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visit www.nrmp.org for more information.
The six-year Integrated Cardiothoracic Surgery Residency Program at Cleveland Clinic plans to accept two first year residents for July of 2013. The Cleveland Clinic Department of Thoracic & Cardiovascular Surgery intends to recruit the finest possible candidates to train them to become the next generation of leaders in academic cardiothoracic surgery. Our training program utilizes an innovative, multidisciplinary approach that emphasizes academic knowledge, accomplishment, and clinical expertise in patient care.
The Department of Thoracic and Cardiovascular Surgery at the Cleveland Clinic is the busiest clinical cardiac unit in the country. Our residents thus obtain comprehensive patient care experience over a full spectrum of health problems related to cardiovascular and thoracic disorders requiring surgical intervention.
The first three years of the curriculum are designed to provide broad training in both surgical and medical specialties with a graduated level of responsibility and patient complexity. Rotations during the PGY-1, 2 and 3 years are primarily one month in duration at selected Cleveland Clinic hospitals and MetroHealth Medical Center.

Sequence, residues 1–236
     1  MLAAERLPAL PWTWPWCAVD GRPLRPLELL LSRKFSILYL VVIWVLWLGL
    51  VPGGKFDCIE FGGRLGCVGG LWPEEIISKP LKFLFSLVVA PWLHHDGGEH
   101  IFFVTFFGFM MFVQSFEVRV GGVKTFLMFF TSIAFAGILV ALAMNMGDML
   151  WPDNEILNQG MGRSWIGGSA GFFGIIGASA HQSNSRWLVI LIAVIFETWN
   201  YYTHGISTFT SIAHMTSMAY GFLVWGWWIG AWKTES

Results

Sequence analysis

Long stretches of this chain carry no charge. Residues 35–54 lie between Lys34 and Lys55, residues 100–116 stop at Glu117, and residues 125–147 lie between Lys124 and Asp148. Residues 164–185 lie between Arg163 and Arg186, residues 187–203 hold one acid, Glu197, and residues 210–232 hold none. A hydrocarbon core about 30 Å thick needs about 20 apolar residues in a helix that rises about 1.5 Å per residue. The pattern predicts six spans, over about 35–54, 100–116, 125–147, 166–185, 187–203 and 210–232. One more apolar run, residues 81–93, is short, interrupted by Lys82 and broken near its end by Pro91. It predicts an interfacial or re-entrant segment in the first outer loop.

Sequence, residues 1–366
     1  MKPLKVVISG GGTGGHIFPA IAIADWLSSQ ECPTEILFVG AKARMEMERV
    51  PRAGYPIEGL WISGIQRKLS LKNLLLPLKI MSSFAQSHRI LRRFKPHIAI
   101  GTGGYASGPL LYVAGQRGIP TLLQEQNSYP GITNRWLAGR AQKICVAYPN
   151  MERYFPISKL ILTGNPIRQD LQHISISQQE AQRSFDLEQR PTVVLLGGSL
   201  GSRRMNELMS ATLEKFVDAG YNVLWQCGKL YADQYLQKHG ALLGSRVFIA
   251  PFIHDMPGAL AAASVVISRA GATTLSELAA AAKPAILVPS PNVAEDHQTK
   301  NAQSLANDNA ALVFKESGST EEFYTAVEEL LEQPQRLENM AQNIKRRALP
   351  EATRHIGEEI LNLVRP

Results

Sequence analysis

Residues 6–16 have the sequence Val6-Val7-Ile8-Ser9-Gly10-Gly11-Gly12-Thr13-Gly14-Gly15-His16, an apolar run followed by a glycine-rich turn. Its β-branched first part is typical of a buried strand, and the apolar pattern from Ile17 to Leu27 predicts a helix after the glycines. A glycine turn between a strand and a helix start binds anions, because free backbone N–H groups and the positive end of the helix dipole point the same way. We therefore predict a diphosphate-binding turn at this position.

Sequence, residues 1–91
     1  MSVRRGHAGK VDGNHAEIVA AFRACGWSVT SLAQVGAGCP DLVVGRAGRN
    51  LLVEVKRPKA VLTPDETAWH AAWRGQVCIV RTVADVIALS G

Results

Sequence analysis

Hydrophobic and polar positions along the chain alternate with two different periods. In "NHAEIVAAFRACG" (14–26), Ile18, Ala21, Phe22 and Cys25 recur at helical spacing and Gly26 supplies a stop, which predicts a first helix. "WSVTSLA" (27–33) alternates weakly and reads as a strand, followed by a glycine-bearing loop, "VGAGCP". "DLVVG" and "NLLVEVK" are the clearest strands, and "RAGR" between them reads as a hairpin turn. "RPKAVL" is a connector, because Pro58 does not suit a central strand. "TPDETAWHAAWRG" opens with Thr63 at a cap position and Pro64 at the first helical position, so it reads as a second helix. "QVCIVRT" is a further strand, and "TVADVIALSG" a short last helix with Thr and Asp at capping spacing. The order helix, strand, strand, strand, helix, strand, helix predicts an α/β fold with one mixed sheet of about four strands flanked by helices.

The last three years of training are devoted to the surgical, percutaneous, and minimally invasive treatment of acquired and congenital cardiac disease, thoracic and esophageal disease, and vascular disease. The rotations are designed so that residents rotate through cardiac and thoracic surgery each year with progressive responsibility through the senior and chief resident level. There is a six month block in the PGY-5 and 6 years for each resident to focus on an area of his/her choice for additional training in adult cardiac, congenital cardiac, thoracic/esophageal surgery, or vascular/endovascular surgery. The rotation length is three months during the PGY 4-6 years.
For over 6 decades, the Duke University Division of Cardiovascular and Thoracic Surgery has trained the nation’s leaders in academic cardiovascular and thoracic surgery by immersing them in a dynamic clinical, teaching, and research enterprise. We are pleased to offer a six-year integrated Cardiothoracic Surgery residency program, leading to eligibility for certification by the American Board of Thoracic Surgery, starting in July 2014.
Residents in the integrated program will gain experience in general and vascular surgery, critical care, cardiac anesthesia and cardiac catheterization, as well as in cardiac and thoracic surgery. Our program includes training in four locations: Duke University Hospital, Durham VA Medical Center and Duke Regional Hospital in Durham, North Carolina; and the Asheville VA Medical Center in Asheville, North Carolina.